Basketball Aussie-style

Club Kilsyth brings international flare to 15th annual tournament

Posted: Friday, December 30, 2005

A day-and-a-half of air travel in many ways belied the even greater distance the boys and girls basketball teams from Club Kilsyth in Victoria, Australia, traveled in coming to a new world.

Considering that December is the hottest month of the year in Australia, a place that's fairly hot year-round, Juneau can seem like a different universe.

"Right now it gets dark back home around 9 p.m.," said Phil Middlin, father of Kilsyth' girls player Alysha Middlin. "So this is really different."

Throw in the fact that right now in Australia its tomorrow, it's easy to get a sense of how far these adventurous athletes have traveled, all in the name of basketball. The Cobras are currently competing in the Capital City Classic basketball tournament.

Juneau could not be more different than relatively flat, dry and hot Australia, much to the delight of the Club Kilsyth players.

"We love looking out our windows here and seeing all the mountains with snow on them," Kilsyth's Missy Batten said. "But we hear there are bears."

The Cobras' players and coaches are boarded in town with volunteers and families of the Juneau-Douglas boys and girls teams.

"Everyone here is just so friendly and open," Kilsyth girls coach Ben Turner said. "It's wonderful."

The Cobras' Lauren Thompson added, "People here are just so friendly."

Apparently, Juneau's fans are also curious.

The girls' players have said they've been routinely requested to recite Australian signature sayings of, "G'day" and the famous "Aussie, Aussie, Aussie, oi, oi, oi," chant.

For Kilsyth, basketball is an entirely different event in Australia than it is in basketball-crazy Juneau.

Basketball is a popular sport in the southern hemisphere, but in the sports-mad land Down Under, there are simply many more sports to compete with - including rugby and Australian Rules Football.

Consequently, the Cobras have been experiencing a unique thrill with the pageantry and enthusiasm surrounding the Capital City Classic.

"About 50 people at our games back home is usually a lot." Turner said. "Back home, for games we don't really have the bands, or the cheerleaders, or the crowds so this is really exciting. We think how you present the game of basketball here is just amazing."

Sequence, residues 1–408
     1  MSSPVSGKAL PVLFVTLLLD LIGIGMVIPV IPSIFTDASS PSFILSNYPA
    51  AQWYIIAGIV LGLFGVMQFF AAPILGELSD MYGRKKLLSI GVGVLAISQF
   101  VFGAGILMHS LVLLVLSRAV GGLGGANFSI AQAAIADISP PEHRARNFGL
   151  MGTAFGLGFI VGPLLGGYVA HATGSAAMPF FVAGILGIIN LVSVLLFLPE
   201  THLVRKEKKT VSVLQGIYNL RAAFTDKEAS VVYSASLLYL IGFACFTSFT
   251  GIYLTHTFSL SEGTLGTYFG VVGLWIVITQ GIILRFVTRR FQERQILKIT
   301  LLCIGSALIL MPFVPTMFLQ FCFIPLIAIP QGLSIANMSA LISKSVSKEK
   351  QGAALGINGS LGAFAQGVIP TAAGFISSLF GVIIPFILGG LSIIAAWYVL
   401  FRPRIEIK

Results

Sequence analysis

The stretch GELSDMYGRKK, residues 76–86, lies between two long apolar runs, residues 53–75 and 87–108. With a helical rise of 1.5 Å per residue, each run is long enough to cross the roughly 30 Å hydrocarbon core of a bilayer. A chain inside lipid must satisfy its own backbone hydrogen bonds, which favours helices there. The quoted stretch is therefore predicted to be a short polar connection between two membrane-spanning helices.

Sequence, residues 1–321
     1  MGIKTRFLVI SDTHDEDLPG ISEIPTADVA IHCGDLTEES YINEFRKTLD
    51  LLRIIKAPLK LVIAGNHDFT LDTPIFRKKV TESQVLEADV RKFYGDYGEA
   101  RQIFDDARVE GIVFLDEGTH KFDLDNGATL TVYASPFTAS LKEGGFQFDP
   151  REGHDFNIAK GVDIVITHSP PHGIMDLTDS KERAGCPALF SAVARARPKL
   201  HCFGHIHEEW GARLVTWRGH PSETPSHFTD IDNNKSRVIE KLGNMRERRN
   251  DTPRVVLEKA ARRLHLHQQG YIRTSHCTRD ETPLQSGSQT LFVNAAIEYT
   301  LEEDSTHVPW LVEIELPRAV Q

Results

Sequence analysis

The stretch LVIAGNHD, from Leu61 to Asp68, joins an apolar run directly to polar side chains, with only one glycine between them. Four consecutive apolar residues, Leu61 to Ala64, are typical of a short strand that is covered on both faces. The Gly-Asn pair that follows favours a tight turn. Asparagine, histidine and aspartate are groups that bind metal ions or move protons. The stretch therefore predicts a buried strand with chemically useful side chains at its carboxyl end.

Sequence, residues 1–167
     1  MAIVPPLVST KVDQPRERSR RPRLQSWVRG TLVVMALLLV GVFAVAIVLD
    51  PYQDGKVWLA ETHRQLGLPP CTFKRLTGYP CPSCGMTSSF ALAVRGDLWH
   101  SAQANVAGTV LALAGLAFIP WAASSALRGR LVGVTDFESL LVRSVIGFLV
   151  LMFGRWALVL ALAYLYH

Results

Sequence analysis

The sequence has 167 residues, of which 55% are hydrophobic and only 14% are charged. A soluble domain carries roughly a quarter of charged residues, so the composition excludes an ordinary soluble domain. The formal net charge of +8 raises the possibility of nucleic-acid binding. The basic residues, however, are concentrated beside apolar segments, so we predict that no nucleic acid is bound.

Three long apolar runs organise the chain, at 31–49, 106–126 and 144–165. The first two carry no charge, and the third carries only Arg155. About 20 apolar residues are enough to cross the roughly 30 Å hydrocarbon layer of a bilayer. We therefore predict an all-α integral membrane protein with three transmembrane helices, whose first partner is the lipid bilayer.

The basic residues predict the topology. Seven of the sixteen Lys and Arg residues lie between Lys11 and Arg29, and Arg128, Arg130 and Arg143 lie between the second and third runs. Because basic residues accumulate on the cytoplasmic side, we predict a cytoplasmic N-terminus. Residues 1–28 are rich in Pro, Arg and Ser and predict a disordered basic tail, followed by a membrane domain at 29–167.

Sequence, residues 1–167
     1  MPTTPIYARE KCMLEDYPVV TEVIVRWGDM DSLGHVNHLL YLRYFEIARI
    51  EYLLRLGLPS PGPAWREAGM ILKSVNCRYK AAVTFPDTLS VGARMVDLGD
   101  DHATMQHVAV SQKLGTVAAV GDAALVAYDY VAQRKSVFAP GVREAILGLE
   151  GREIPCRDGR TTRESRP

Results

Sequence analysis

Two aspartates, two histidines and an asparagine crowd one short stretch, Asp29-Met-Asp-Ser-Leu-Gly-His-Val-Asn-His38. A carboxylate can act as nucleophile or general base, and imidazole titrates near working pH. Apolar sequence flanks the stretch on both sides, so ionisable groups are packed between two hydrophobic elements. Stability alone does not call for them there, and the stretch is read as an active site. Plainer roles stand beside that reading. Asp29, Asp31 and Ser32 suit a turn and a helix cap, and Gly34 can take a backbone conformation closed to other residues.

Many of the players echoed Turner's sentiments about the intensity and atmosphere surrounding basketball in Juneau and America.

"It's awesome," Turner said.

In fact, Australian basketball differs in some subtle ways than the American game.

Unlike the United States, where teenage athletes compete for their high school teams, ballers in Australia primarily play on club teams.

Club basketball in Australia is a tiered system starting with youth teams and going all the way up to Australia's professional National Basketball League.

Levels of play get tougher as players move up the chain if their skills allow. The Cobras currently competing in Juneau are representative basketball squads consisting of elite youth players in the Club Kilsyth system.

While Kilsyth finishes play in the Capital City Classic today against the Wasilla boys and girls teams, the Cobras aren't done traveling.

Following today's games, Club Kilsyth travel and play in Seattle, the Los Angeles area and Vancouver, British Columbia. In addition to playing games, the teams plan on touring colleges, schools and basketball clubs along the way.

According to Kilsyth's coaches, there are only about 25 college athletic scholarships available each year. Therefore players who envision having a future in the game are particularly interested in more than simply playing a few games while on tour. Learning about the American style of basketball is definitely on these players agenda.

In the meantime, however, the players and coaches from Club Kilsyth are experiencing the sights, sounds and people of Juneau just as passionately as they play the game they love.

Or, as Middlin said, "This is just a very friendly frontier town."

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